After two years of testing, renting, buying and selling just about every level of Nikon and Canon lenses and cameras, I have learned quite a bit about what works and what doesn’t. Pretty much you can’t go wrong with Canon or Nikon, and just about everything they make is top notch. Read more…
We’ve shared some funny pictures in the past that illustrate how distance, not focal length, changes perspective — but nothing beats a video walk through. So, in this short video, photographer Mike Browne explains why you should treat your zoom lens as a series of prime lenses, and not the equivalent of getting physically closer to your subject. Read more…
Ever wonder what the f-number of your eyes are? It can easily be calculated using the human eye’s focal length (~22mm) and physical aperture size. Here’s what Wikipedia has to say:
Computing the f-number of the human eye involves computing the physical aperture and focal length of the eye. The pupil can be as large as 6–7 mm wide open, which translates into the maximum physical aperture.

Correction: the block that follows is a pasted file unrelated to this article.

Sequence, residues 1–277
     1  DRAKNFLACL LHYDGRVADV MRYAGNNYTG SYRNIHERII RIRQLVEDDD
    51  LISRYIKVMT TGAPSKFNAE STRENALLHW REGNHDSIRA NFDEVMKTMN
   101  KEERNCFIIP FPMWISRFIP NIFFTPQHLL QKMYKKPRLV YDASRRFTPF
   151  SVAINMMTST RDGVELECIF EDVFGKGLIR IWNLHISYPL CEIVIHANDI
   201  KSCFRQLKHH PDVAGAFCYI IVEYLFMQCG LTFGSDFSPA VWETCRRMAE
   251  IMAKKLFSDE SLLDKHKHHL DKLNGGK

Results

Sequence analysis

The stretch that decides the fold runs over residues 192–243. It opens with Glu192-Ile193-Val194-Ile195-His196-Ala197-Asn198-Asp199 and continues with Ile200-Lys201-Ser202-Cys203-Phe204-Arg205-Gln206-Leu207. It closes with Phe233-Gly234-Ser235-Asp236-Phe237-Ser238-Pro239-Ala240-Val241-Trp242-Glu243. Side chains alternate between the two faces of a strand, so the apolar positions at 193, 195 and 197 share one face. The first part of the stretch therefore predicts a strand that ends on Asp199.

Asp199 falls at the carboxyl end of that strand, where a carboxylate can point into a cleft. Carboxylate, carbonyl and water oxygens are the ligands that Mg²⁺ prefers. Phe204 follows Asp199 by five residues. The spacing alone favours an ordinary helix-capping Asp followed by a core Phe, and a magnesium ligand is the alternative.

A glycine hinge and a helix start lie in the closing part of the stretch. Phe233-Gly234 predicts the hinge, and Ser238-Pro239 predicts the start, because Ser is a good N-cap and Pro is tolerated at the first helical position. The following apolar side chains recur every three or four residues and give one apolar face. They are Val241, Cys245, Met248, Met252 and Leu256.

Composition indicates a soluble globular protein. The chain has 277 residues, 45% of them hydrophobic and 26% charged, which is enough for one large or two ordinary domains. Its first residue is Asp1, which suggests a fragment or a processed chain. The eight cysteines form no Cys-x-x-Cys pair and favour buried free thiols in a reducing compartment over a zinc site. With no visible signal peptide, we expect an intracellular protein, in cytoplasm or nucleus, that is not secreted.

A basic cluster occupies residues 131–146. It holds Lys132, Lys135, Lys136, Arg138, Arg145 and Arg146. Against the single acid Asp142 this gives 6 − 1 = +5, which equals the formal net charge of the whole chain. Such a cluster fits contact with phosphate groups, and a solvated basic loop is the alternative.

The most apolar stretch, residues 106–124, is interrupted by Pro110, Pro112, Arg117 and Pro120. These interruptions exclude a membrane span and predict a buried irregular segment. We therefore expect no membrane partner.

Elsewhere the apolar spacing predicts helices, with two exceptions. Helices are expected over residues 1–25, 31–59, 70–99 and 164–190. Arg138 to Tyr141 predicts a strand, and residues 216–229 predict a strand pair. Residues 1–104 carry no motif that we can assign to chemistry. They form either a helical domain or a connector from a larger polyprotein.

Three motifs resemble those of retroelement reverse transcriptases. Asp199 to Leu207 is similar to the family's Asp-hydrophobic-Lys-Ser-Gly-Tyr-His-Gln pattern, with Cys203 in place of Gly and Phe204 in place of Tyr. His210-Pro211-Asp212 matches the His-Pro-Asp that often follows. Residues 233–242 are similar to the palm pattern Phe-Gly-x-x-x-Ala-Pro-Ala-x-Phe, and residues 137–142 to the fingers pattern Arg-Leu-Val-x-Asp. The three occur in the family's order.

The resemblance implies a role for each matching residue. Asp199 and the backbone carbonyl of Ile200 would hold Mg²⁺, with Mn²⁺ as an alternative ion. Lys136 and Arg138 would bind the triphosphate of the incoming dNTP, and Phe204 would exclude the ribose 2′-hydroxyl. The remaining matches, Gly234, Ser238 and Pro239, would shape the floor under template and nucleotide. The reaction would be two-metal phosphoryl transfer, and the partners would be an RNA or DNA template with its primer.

The f-number of the human eye varies from about f/8.3 in a very brightly lit place to about f/2.1 in the dark. The presented maximum f-number has been questioned, as it seems to only match the focal length that assumes outgoing light rays. According to the incoming rays of light (what we actually see), the focal length of the eye is a bit longer, resulting in minimum f-number of f/3.2.
The article also notes that the eye cannot be considered an ordinary air-filled camera since it’s filled with light refracting liquid.
You’ve probably heard before that focal lengths between 85mm and 135mm produce the best head shots because they provide a desirable perspective in head shots, but how much of a different does the focal length actually make? Photographer Stephen Eastwood decided to find out, shooting 10 portraits of the same subject with focal lengths ranging from 19mm to 350mm.
Here’s a neat image showing the different field of views offered by focal lengths ranging from 16mm to 200mm. It’s not simply lines overlaid on a single photo — the different focal lengths were actually used to capture what the scenes looks like through the lenses.
Vimeo recently partnered up with photographer Vincent LaForet for a new educational series called Behind the Glass. If you’re just getting into photography, the videos are great primers on the subject of camera lenses.